A psychiatric social worker asserted a claim for occupational disease, claiming that, as a result of exposure to cigarette smoke in a close working area over a two-year period, her eyes had become irritated to the point she was unable to perform her duties. A workers’ compensation judge had determined that the worker had established that she suffered from an occupational disease but the Workers’ Compensation Board reversed the decision. The Supreme Court, Appellate Division affirmed. On appeal, the Court of Appeals held that the aggravation of a preexisting eye disorder as a result of exposure to cigarette smoke in a poorly ventilated room was caused solely by environmental conditions of the workplace, not by any distinctive features of her occupation as a psychiatric social worker and, thus, was not an “occupational disease” for purposes of the Workers’ Compensation Law.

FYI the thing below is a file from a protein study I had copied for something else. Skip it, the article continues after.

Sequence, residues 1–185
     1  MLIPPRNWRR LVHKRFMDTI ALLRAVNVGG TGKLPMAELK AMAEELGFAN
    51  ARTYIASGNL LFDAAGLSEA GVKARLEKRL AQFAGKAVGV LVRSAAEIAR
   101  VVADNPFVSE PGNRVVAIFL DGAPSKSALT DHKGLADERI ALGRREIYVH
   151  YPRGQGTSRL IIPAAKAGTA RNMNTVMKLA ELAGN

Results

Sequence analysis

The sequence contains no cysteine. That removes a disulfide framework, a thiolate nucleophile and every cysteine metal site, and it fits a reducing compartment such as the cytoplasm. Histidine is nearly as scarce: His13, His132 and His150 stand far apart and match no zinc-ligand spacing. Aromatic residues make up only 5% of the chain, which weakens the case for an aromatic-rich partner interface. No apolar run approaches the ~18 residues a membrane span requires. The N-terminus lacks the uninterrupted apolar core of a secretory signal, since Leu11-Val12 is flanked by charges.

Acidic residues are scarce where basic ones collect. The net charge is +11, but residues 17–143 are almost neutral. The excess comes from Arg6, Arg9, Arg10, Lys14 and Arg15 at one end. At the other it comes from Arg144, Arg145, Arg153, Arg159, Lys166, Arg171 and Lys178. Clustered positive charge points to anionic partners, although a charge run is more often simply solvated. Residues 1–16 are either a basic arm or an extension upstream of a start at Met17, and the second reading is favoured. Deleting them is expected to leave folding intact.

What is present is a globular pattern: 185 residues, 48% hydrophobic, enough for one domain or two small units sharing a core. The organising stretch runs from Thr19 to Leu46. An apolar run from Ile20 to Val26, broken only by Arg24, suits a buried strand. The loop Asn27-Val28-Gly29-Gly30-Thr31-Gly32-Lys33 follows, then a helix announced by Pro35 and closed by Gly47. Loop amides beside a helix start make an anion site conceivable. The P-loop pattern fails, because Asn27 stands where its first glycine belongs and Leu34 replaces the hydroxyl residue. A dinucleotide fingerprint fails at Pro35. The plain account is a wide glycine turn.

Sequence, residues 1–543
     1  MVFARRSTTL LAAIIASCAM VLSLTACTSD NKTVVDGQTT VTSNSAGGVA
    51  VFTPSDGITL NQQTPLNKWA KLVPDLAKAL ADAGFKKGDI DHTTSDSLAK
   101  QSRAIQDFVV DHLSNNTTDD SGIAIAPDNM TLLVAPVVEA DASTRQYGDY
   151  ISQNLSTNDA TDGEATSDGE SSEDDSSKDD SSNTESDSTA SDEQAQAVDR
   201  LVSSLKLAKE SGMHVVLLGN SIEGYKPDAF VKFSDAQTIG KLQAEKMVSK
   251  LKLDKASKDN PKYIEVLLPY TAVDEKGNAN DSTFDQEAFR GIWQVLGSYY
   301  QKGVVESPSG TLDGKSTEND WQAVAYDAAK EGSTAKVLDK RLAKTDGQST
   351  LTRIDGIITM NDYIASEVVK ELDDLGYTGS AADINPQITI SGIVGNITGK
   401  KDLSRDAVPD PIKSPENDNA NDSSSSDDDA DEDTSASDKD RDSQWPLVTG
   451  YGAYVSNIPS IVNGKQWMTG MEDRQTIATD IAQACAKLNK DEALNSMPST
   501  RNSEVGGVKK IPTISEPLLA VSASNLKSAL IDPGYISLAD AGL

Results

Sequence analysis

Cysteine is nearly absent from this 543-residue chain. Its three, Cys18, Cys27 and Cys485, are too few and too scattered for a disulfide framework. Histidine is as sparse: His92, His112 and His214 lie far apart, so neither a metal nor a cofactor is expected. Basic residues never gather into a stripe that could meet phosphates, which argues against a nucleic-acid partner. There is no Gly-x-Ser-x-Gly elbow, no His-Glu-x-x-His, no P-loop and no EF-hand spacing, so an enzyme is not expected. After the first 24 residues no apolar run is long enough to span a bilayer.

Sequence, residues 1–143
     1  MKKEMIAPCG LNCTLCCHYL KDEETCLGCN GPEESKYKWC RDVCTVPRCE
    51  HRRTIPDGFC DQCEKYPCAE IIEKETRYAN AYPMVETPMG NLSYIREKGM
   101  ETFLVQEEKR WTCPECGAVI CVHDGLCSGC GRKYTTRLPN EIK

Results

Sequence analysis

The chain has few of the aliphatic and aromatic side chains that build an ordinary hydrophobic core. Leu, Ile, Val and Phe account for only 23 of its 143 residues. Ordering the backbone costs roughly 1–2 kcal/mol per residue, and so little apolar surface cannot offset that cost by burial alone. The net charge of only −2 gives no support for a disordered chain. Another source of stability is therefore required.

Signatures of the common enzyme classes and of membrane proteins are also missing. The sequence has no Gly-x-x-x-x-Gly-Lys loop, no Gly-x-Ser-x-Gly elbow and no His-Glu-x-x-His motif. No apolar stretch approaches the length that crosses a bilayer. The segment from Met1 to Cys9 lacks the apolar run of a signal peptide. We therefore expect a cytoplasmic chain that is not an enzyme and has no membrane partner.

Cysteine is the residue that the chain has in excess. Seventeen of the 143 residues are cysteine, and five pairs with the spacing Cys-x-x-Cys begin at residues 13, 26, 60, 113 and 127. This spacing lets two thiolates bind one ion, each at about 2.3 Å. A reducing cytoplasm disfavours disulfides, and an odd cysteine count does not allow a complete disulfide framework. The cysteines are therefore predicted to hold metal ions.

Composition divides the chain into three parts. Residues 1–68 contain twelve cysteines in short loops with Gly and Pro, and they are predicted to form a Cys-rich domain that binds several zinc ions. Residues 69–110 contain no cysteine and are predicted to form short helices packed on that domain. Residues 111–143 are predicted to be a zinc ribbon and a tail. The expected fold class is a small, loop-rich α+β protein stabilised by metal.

71 N.Y.2d 1008, 530 N.Y.S.2d 98, 525 N.E.2d 744 (1988), affirming 128 A.D.2d 922, 512 N.Y.S. 2d 732, (1987).